ML Update | No. 52 | 2015

MLUpdate

A CPI(ML) Weekly News Magazine

Vol. 18 | No. 52 | 22 ­– 28 DECEMBER 2015

A Government-Made Disaster

The severe rains and subsequent flooding that have devastated Chennai, parts of coastal Tamil Nadu, and Puducherry have now subsided. But the many questions that the floods raised as to the culpability of successive Governments and disastrous policies must not be allowed to subside.

Even when it came to basic rescue and relief work, the callousness of Governments of TN and Puducherry as well as the Centre were in stark contrast to the remarkable display of selfless voluntary efforts by citizens. As many have remarked, the city of Chennai in particular showed its best side in its worst crisis – with people rising above differences of faith to help each other. The Chief Minister Jayalalithaa has issued an appeal on media and social media – an appeal which is an exercise in building up her own image as a ‘caring Mother’ of the citizens, while her party insisted on putting photos of the CM ‘Amma’ on relief packages. Such shameful and self-serving advertisements have only rubbed salt into the wounds of people who – so long after the disaster – are still unable to return to their homes and have lost everything.

It is clear by now that the calamities that struck Uttarakhand, Kashmir and now Tamil Nadu and Puducherry, are not mere ‘natural disasters’ – they are very much a product of the ‘development’ policies of Governments. Elected Governments are not needed to be ‘mothers’ (Amma) or ‘parents’ (mai-baap) to citizens – they are required to take responsibility and be accountable. There is no getting away from the fact that the floods were not an act of God, as claimed by the Chief Minister who declared that “Losses are unavoidable when there’s very heavy rain.” Rather, the floods were made by successive Governments – and the Government must be held accountable for the losses suffered by people. Compensation in such a disaster cannot then be an act of charity – it must be a penalty on the Government for having left people not only unprotected but more vulnerable than usual.

It is now widely recognised that the release of excess water from the Chembarambakkam Lake, which supplies water for Chennai, was the main reason for the havoc Chennai faced. The failure of DMK and AIADMK Governments to increase the capacity of the lake to match the needs of growing urbanisation was one of the main reasons for the disaster. Moreover, ‘development’ and ‘modernisation’ that has pandered to real estate mafias backed by political rulers, has meant rampant violation of the coastal regulation laws, unchecked construction on environmentally sensitive land, and blocking of natural drainage systems.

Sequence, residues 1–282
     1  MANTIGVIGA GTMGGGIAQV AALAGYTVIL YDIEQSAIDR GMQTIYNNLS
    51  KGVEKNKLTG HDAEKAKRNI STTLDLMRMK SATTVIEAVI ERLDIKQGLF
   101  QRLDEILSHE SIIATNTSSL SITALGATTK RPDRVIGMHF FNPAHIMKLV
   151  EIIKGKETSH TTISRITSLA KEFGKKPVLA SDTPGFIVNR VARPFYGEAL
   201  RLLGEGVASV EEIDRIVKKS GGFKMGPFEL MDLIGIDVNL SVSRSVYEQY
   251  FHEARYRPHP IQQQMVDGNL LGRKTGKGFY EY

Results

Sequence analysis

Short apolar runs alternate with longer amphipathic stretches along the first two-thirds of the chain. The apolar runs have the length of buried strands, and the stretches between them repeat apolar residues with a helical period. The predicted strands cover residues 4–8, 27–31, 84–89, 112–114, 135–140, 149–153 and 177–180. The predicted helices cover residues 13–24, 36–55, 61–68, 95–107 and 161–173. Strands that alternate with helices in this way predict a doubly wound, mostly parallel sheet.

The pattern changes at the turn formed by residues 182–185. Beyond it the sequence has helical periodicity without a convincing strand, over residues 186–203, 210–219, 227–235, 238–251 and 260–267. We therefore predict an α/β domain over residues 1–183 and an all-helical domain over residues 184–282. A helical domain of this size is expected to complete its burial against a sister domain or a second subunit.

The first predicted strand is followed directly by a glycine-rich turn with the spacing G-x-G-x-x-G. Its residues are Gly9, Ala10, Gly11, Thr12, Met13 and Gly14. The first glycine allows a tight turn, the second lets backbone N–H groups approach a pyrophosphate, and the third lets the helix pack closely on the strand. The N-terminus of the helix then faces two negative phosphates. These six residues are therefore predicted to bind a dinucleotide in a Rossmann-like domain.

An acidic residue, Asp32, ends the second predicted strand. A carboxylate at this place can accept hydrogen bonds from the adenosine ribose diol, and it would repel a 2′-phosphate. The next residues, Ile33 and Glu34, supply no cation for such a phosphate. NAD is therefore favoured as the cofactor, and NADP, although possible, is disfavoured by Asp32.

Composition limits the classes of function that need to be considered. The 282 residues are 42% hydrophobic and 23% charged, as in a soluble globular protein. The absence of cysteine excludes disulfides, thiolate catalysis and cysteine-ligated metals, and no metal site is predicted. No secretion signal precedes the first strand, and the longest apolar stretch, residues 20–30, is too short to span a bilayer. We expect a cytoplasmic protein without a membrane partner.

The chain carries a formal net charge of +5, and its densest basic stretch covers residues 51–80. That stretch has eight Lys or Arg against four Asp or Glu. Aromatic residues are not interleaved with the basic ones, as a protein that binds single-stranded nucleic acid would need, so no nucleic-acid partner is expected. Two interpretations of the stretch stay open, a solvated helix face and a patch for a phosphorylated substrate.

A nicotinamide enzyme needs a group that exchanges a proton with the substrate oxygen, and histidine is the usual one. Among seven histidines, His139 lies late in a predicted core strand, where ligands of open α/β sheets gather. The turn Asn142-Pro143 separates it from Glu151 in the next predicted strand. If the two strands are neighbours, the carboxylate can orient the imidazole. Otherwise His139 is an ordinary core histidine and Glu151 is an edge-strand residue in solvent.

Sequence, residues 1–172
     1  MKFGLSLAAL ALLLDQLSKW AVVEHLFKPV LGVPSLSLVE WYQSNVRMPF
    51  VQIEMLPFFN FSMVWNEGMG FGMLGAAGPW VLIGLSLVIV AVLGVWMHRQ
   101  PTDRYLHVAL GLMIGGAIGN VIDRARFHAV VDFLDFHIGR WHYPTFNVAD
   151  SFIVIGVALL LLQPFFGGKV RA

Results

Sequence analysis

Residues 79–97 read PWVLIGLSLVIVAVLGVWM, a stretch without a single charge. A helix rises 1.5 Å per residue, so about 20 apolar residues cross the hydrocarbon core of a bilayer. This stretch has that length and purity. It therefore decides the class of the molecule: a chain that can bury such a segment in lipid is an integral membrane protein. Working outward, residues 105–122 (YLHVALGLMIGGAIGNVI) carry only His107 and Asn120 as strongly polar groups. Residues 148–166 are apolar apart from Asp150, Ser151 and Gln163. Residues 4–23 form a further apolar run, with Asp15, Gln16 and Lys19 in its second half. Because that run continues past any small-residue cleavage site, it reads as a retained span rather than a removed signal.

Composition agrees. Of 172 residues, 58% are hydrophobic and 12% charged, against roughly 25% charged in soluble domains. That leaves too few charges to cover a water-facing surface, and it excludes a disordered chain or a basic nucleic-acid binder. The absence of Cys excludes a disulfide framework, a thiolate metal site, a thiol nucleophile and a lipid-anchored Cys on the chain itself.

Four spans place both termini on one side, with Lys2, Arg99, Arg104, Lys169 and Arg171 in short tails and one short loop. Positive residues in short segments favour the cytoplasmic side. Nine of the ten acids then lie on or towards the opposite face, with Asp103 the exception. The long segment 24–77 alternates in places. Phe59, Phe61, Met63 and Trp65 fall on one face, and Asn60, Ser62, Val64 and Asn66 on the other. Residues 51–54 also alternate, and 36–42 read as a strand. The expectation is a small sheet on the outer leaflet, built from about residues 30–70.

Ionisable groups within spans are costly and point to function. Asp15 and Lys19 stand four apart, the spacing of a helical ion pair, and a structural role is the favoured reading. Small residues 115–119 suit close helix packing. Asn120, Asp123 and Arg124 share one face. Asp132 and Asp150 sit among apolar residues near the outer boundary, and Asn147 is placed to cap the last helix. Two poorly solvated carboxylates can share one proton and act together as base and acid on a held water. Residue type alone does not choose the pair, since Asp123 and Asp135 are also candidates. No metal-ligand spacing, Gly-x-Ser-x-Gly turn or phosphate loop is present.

Even now, in the name of correcting this mess in the wake of the floods, the Government is refusing to act against the builders and real estate mafia who are responsible for the worst encroachments on environmentally sensitive land. Instead, it is preparing to use the floods as a pretext to evict the shanties of the poor on riverbeds, and, in the name of ‘rehabilitation’, is preparing to shift vast masses of the urban poor far away from the city centre.

The Governments and ruling parties in TN and Puducherry are trying to brand any criticism as an insensitive attempt to ‘politicise’ a natural disaster. But this ploy to deflect criticism is failing badly. Increasingly, people are demanding that the Government take responsibility for having caused the worst of the devastation, failed to provide safe homes for the poor, and failed to rescue, give relief to or rehabilitate those affected. It is increasingly clear that it is the Government of Tamil Nadu that has ‘politicised’ the very work of relief and rehabilitation, using it not only to project the Chief Minister as a benevolent Mother but also to further attack the rights of the poorest and most vulnerable.

The Central Government too has not been far behind in its callous and self-serving response. The Prime Minister’s own official social media team came in for flak when it photo-shopped an image of the PM viewing the flooded areas from a helicopter. Just as in the case of the Nepal quake, the PM’s attempts to turn the TN and Puducherry floods into a PR-exercise to boost his image boomeranged spectacularly. What is inexcusable is that the Centre has refused to declare the floods a national calamity, instead restricting it to a ‘disaster of severe nature.’ This play of words is actually playing with lives.

It is time the Centre and State governments are forced to take measures for adequate compensation for all sections of people affected by the floods and for complete rehabilitation assistance. The disaster should be declared a national calamity and a compensation commensurate with the loss should be released.

Sankalp Diwas Observed on the 17th Memorial Day of Comrade VM

December 18, the 17th anniversary of the death of former party General Secretary Comrade Vinod Mishra was observed by CPI(ML) all over the country as Sankalp Diwas (pledge day) to expand the party and strengthen the communist movement. The Call issued by the Central Committee was collectively read. The sankalp sabhas were held in all places across states as comrades gathered to pay tributes to Com. Vinod Mishra and reaffirmed their pledge to carry forward Comrade VM’s legacy with powerful advances on every front.